Because the typical degree of polarised dust continuum emission is low ($\sim \, $2%–5%—e.g., Matthews et al. Reference Matthews, McPhee, Fissel and Curran2009) and the range of relevant column densities spans 3 orders of magnitude from equivalent visual extinctionsFootnote d $A_V \sim 0.1$ in the atomic medium to $A_V > 100$ in the densest molecular filaments/cores, a systematic dust polarisation study of the rich filamentary networks pervading nearby interstellar clouds and their connection to star formation requires a large improvement in sensitivity, mapping speed, and dynamic range over existing far-IR/submillimeter polarimeters. A big improvement in polarimetric mapping speed is also needed for statistical reasons. As only the plane-of-sky component of the magnetic field is directly accessible to dust continuum polarimetry, a large number of systems must be imaged in various Galactic environments before physically meaningful conclusions can be drawn statistically on the role of magnetic fields. As shown in Section 2.4 below, the required step forward in performance can be uniquely provided by a large, cryogenically cooled space-borne telescope such as SPICA, which can do in far-IR polarimetric imaging what Herschel achieved in total-power continuum imaging.

2.2. Insights from Herschel and Planck: a filamentary paradigm for star formation?

The Herschel mission has led to spectacular advances in our knowledge of the texture of the cold ISM and its link with star formation. While interstellar clouds have been known to be filamentary for a long time (e.g., Schneider & Elmegreen Reference Schneider and Elmegreen1979; Bally et al. Reference Bally, Langer, Stark and Wilson1987; Myers Reference Myers2009, and references therein), Herschel imaging surveys have established the ubiquity of filaments on almost all length scales (approximately $0.5\,$$100\,$pc) in the MCs of the Galaxy and shown that this filamentary structure likely plays a key role in the star formation process (e.g., André et al. Reference André2010; Henning et al. Reference Henning, Linz, Krause, Ragan, Beuther, Launhardt, Nielbock and Vasyunina2010; Molinari et al. Reference Molinari2010; Hill et al. Reference Hill2011; Schisano et al. Reference Schisano2014; Wang et al. Reference Wang, Testi, Ginsburg, Walmsley, Molinari and Schisano2015).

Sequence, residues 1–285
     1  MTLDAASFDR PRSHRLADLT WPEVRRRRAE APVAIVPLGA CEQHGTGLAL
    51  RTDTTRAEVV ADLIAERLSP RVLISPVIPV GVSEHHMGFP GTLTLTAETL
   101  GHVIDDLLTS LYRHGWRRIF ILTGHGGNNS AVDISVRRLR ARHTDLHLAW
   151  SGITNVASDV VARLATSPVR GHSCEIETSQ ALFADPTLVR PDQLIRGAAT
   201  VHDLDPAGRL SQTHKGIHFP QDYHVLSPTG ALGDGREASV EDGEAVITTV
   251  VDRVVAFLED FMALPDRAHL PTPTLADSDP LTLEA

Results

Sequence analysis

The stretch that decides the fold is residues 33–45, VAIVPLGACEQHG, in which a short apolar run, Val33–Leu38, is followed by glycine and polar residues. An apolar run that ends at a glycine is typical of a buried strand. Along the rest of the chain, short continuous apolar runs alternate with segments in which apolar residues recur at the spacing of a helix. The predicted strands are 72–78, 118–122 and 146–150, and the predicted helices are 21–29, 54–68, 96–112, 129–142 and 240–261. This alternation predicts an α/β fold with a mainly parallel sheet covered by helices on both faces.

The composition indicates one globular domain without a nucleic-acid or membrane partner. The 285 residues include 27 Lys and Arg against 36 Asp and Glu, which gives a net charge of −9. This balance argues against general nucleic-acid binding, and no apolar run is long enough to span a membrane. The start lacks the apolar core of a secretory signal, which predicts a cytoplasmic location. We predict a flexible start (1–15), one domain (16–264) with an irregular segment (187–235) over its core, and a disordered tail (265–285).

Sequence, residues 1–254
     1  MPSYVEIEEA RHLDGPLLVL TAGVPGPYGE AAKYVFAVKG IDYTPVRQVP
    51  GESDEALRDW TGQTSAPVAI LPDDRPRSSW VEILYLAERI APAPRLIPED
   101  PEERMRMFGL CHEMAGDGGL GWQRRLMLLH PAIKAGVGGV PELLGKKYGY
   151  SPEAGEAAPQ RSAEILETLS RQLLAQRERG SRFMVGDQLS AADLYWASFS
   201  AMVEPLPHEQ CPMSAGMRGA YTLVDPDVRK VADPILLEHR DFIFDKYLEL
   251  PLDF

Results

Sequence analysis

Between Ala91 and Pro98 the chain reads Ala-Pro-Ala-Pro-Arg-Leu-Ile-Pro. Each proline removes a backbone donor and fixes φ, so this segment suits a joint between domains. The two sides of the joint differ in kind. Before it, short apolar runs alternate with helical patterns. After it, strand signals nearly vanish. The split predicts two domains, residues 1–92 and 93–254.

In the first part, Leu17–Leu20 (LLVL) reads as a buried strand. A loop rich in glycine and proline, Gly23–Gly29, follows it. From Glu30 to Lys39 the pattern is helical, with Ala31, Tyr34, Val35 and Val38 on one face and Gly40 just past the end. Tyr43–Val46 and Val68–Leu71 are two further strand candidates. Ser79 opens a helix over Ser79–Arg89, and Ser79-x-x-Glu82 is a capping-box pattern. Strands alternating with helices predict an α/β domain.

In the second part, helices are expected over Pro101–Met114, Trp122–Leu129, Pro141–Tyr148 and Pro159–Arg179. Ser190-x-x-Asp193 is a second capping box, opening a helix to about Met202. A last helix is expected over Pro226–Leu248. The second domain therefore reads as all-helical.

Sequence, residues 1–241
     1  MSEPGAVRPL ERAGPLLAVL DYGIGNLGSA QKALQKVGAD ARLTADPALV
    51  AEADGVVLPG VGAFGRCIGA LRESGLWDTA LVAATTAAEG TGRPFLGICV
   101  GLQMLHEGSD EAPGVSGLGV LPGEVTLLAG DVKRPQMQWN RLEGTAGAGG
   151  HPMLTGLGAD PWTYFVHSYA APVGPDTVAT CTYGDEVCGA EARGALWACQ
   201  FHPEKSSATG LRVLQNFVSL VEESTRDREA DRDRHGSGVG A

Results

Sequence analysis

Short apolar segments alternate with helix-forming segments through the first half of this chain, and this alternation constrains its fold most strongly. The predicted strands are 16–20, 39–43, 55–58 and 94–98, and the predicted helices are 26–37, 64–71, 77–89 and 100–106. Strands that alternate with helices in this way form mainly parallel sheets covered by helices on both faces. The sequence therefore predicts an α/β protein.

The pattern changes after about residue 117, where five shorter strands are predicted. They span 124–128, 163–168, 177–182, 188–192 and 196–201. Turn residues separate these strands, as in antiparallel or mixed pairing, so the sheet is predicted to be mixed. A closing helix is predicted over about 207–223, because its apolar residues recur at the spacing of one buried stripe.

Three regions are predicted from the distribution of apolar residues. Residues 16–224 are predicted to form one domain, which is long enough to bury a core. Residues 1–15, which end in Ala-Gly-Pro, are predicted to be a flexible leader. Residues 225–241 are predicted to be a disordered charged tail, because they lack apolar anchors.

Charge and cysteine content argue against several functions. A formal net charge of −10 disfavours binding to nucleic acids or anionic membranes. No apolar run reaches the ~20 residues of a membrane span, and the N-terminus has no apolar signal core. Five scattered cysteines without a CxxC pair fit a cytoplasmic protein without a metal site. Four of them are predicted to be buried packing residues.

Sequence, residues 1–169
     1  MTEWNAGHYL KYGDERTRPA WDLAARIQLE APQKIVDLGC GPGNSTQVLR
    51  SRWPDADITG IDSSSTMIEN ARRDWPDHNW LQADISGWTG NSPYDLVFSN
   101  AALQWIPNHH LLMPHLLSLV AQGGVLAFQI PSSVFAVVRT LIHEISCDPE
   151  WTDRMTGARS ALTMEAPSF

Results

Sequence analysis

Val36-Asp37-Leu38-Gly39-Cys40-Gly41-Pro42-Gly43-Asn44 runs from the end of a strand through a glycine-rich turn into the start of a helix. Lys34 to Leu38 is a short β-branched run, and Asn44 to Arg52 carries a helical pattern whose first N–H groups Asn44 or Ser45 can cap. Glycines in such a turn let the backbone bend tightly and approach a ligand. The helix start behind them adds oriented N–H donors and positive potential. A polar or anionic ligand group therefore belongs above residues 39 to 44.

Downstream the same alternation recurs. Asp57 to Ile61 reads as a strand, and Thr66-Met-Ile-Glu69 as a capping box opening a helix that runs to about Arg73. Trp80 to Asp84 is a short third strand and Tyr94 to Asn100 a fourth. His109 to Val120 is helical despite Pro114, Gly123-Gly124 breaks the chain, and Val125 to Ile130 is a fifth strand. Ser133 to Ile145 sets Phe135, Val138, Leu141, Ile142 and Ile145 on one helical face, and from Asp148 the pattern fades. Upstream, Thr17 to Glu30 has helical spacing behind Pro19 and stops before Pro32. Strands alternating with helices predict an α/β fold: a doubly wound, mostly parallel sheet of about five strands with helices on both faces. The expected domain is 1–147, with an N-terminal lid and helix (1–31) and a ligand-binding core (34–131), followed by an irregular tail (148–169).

The interstellar filamentary structures detected with Herschel span broad ranges in length, central column density, and mass per unit length (e.g., Schisano et al. Reference Schisano2014; Arzoumanian et al. Reference Arzoumanian2019). In contrast, detailed analysis of the radial column-density profiles indicates that, at least in the nearby MCs of the Gould Belt, Herschel filaments are characterised by a narrow distribution of inner widths with a typical value of ${\sim} 0.1$ pc and a dispersion of less than a factor of 2, when the data are averaged over the filament crests (Arzoumanian et al. Reference Arzoumanian2011, Reference Arzoumanian2019). Independent studies of filament widths in nearby clouds have generally confirmed this result when using submillimeter continuum data (e.g., Koch &Rosolowsky Reference Koch and Rosolowsky2015; Salji et al. Reference Salji2015; Rivera-Ingraham et al. Reference Rivera-Ingraham2016), even if factor of ${\sim}$2–4 variations around the mean inner width of $\sim 0.1\,$pc has been found along the main axis of a given filament (e.g., Juvela et al. Reference Juvela2012; Ysard et al. Reference Ysard2013). Measurements of filament widths obtained in molecular line tracers (e.g., Pineda et al. Reference Pineda, Goodman, Arce, Caselli, Longmore and Corder2011; Fernández-López et al. Reference Fernández-López2014; Panopoulou et al. Reference Panopoulou, Tassis, Goldsmith and Heyer2014; Hacar et al. Reference Hacar, Tafalla, Forbrich, Alves, Meingast, Grossschedl and Teixeira2018) have been less consistent with the Herschel dust continuum results of Arzoumanian et al. (Reference Arzoumanian2011, Reference Arzoumanian2019), but this can be attributed to the lower dynamic range achieved by observations in any given molecular line tracer. Panopoulou et al. (Reference Panopoulou, Psaradaki, Skalidis, Tassis and Andrews2017) pointed out an apparent contradiction between the existence of a characteristic filament width and the essentially scale-free nature of the power spectrum of interstellar cloud images (well described by a single power law from ${\sim} 0.01$ to ${\sim} 50\,$pc—Miville-Deschênes et al. Reference Miville-Deschênes2010, Reference Miville-Deschênes, Duc, Marleau, Cuillandre, Didelon, Gwyn and Karabal2016), but Roy et al. (Reference Roy2019) showed that there is no contradiction given the only modest area filling factors ($ \mathbin{\lower.3ex\hbox{$\buildrel<\over {\smash{\scriptstyle\sim}\vphantom{_x}}$}} 10{\mkern 1mu} $) and column-density contrasts (${\leq} 100 $ in most cases) derived by Arzoumanian et al. (Reference Arzoumanian2019) for the filaments seen in Herschel images. While further high-resolution submillimeter continuum studies would be required to investigate whether the same result holds beyond the Gould Belt, the median inner width of ${\sim} 0.1\,$pc measured with Herschel appears to reflect the presence of a true common scale in the filamentary structure of nearby interstellar clouds. If confirmed, this result may have far-reaching consequences as it introduces a characteristic scale in a system generally thought to be chaotic and turbulent (i.e., largely scale-free—cf. Guszejnov, Hopkins, & Grudić Reference Guszejnov, Hopkins and Grudić2018). It may thus present a severe challenge in any attempt to interpret all ISM observations in terms of scale-free processes.